Splunk has been searching Big Data since 2003, though for the Splunk crowd, the terms “server logs” and “Big Data” are basically synonymous. Clint Sharp, senior product manager for Big Data at Splunk, said the company has an unstructured approach to Big Data.

“What’s different about Splunk is that we don’t require you to do structuring and analysis of the data in advance. There are no ETL requirements,” he said. “I don’t have to give you the data in a tabular form. Give us the data however it sits, and Splunk will be able to read that data and give you the ability to do charting and analytics. We’re really changing the workflow. We’re allowing them to do the analytics on the data without having to do a whole upfront investment in order to do analytics on top of that.”

Grant Ingersoll, CTO of LucidWorks, offers a similar value proposition with his company’s search tools. LucidWorks offers commercialized versions and support for Apache Lucene and Solr, which form the core components of its search engine, given a Hadoop cluster to work from.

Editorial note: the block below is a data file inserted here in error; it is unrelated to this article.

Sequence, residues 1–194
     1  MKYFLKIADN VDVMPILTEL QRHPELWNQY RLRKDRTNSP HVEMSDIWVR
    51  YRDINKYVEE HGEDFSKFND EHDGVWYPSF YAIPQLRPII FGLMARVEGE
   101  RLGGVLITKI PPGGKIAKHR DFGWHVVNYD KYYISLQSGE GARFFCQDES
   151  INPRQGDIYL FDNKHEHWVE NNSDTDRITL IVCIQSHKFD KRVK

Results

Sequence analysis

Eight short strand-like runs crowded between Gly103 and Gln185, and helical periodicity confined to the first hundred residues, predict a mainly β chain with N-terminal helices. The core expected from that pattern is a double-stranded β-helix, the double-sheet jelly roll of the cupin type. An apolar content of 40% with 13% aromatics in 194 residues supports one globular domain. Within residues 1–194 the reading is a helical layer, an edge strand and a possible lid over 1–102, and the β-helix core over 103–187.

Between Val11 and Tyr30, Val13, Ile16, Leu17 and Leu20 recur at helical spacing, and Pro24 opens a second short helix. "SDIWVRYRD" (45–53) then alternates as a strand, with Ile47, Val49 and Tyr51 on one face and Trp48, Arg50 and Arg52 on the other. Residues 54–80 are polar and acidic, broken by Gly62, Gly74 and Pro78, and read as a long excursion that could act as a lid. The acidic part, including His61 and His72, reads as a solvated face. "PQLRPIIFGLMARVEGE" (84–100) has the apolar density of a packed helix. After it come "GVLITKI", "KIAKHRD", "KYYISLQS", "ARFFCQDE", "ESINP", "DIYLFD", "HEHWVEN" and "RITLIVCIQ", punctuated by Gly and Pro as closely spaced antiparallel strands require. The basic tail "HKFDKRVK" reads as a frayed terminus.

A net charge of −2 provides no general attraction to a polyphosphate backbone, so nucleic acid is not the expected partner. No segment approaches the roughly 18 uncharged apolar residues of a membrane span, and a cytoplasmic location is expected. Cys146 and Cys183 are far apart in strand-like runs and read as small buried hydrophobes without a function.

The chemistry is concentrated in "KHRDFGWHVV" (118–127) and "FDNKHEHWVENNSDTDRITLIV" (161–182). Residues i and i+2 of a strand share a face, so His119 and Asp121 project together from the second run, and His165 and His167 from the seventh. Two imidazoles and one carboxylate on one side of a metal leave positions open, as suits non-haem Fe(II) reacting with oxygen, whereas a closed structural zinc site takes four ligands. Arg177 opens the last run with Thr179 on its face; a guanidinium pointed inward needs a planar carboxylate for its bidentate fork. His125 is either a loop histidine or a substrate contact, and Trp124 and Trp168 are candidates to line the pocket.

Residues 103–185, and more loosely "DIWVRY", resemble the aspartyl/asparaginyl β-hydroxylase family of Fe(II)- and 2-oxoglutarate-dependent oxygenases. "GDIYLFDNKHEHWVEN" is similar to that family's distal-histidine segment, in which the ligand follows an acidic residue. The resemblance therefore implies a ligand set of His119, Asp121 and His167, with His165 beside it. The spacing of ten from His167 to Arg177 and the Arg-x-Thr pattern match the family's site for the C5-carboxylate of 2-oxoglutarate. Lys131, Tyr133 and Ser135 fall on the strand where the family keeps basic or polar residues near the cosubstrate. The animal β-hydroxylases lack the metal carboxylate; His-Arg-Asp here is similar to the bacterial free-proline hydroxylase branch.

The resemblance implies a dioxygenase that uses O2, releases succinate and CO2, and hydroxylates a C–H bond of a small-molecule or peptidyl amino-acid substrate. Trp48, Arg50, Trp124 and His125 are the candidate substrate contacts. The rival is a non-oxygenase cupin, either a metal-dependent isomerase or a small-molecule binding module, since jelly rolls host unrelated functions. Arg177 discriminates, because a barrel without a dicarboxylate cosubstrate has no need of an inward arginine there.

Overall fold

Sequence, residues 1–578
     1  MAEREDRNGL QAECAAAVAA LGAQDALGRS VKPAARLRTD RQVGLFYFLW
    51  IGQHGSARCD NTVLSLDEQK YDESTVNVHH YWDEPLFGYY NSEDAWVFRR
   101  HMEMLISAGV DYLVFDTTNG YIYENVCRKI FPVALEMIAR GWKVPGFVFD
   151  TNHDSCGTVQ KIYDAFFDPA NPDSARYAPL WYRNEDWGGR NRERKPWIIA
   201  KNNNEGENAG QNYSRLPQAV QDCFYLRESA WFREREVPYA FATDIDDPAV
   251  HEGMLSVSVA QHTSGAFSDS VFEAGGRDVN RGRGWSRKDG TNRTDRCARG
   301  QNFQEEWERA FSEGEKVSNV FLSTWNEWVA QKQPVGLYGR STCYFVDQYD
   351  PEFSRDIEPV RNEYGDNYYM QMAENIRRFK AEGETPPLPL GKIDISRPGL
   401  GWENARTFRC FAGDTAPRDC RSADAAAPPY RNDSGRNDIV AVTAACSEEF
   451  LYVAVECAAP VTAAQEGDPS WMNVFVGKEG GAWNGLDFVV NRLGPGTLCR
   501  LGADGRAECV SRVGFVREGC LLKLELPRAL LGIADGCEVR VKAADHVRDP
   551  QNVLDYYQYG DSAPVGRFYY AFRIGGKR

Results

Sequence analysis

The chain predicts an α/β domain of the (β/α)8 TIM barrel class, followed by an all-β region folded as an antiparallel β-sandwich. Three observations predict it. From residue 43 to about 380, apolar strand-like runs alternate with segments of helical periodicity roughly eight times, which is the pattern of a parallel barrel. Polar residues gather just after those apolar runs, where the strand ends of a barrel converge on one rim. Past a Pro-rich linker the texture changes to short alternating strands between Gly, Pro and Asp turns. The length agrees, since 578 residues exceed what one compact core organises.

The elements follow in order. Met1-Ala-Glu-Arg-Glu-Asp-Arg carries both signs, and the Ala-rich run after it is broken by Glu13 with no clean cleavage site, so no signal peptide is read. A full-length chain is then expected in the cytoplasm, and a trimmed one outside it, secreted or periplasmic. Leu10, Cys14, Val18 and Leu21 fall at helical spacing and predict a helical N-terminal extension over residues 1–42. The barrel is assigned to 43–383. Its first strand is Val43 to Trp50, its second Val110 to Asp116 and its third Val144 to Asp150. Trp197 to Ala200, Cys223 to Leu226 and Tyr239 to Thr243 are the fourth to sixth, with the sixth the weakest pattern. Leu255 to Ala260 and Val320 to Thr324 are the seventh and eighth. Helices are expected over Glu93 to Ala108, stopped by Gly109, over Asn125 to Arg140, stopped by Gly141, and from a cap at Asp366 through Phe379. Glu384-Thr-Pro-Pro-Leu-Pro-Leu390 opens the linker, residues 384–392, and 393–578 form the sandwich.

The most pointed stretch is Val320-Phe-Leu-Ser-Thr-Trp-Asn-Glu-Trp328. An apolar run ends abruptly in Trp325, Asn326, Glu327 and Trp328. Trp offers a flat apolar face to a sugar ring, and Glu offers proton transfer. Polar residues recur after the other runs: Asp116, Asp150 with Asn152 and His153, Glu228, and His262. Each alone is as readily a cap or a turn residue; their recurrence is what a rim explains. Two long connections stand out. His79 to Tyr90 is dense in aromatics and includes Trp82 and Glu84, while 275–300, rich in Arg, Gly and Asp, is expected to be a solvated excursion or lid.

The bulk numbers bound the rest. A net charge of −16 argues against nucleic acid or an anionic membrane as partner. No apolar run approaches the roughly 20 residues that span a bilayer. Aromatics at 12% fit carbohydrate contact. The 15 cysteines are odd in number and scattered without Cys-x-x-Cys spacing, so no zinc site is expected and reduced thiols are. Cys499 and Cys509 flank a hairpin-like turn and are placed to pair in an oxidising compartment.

The key difference for LucidWorks is that its tools can be used to form the basis of larger Hadoop applications; instead of sitting outside of Hadoop like a microscope into the data, LucidWorks tools are more like a scaffolding for adding search into applications. But that doesn’t mean they can’t also be used for discovery.

“Search is when you know what you’re looking for,” said Ingersoll. “Discovery is all about what kind of content we should be recommending to you based on prior actions, and who you are, etc. This is all about machine learning and natural-language processing. You’re trying to aid the user in terms of finding what the next best action is. Then the third area is analytics, analytics that help drive understanding of the search and discovery actions. What are they not looking at? What are the data quality issues?”